Origin: first head: distal end of femur (proximal to condyles; Ribbing, 1909); second head: whole fibula and metatarsal V (Ribbing, 1909); one head (Pseudemys): fibula (epicondyle) until the femur (anterior to origin of external head of m. gastrocnemius); second head: fibula (entire length) and adjacent parts of tarsus (muscle as a whole deep to m. gastrocnemius, no. 1–2; Walker, 1973).
Insertion: tendon to distal phalanges of toe-I–IV (Ribbing, 1909). Two heads converge at the mesotarsal joint and form very tough flexor plate (= plantar aponeurosis), from which four flexor tendons run to the plantar side of toes-I–IV (terminal phalanges), in Staurotypus and Cheloniidae also a tendon to toe-V (Walker, 1973).
Synonyms: flexores breves superficialis Partim (Ribbing, 1909). Lumbricales (as a side note, it appears to us as if the ‘a’ part of Ogushi's (1913) muscle (his no. 137) has to be associated with the m. lumbricales; Walker, 1973).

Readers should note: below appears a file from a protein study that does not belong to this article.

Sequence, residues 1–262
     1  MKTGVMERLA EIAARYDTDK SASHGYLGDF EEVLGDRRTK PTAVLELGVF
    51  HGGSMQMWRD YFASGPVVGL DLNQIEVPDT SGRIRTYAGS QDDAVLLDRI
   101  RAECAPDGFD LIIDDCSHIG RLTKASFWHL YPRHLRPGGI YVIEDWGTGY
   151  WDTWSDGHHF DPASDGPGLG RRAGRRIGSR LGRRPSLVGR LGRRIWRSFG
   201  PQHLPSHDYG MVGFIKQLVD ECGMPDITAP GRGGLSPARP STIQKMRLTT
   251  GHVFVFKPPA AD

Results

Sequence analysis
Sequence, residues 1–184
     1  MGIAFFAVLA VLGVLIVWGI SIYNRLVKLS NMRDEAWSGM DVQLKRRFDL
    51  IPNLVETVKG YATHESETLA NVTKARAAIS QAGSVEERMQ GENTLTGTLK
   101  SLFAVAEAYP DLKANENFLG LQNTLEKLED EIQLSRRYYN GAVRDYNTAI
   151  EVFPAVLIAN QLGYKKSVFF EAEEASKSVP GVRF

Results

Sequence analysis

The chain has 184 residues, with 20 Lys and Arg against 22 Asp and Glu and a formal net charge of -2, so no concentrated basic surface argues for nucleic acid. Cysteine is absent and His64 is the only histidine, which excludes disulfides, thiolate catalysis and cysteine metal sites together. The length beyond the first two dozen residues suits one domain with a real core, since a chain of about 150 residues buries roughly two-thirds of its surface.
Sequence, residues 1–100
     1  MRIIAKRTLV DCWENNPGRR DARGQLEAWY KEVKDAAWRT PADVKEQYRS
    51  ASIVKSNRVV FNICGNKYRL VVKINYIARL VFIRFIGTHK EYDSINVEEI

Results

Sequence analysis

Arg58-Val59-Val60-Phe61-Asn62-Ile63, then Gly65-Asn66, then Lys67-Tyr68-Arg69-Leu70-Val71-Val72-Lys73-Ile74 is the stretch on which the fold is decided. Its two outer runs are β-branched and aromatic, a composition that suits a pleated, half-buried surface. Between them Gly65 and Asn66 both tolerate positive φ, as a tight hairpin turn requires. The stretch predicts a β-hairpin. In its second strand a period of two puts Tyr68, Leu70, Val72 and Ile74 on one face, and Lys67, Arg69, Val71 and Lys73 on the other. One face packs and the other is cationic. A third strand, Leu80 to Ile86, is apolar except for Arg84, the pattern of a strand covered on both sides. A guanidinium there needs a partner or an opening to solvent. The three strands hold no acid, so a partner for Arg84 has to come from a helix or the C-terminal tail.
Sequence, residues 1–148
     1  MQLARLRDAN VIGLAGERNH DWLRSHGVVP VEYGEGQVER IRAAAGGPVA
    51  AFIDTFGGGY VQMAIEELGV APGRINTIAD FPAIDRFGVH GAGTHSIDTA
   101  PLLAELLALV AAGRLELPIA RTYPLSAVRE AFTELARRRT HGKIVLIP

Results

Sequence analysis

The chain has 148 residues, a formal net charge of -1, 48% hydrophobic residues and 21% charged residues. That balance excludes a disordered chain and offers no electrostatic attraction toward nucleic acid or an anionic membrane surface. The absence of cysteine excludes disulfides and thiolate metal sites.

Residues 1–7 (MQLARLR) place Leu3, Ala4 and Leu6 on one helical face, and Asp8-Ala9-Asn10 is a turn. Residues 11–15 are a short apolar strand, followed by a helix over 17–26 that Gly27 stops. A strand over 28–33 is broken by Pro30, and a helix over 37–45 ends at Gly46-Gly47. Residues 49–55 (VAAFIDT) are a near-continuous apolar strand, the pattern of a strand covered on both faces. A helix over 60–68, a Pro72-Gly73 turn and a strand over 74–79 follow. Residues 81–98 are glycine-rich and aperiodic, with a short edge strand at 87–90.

Origin: dorsally from flexor plate; note: apparently as a superficial head of this muscle part a third muscle ‘layer’ is described inserting to the first phalanges of toe-II–IV (Ribbing, 1909). Arises from dorsal surface of flexor plate of flexor digitorum longus (Walker, 1973).
Insertion: tibial face of phalanx II of toes-II–IV (Ribbing, 1909). Tibial side of toe-II–V, penultimate phalanx (in testudinids with lost fifth toe not to fifth toe; in cheloniids only to toe-II–IV) – some fibres to the web of the foot (trionychids; Walker, 1973).
6 Flexor digitorum communis sublimes
Synonyms: flexores breves superficialis Partim (Ribbing, 1909). Flexor digitorum communis sublimes (Walker, 1973).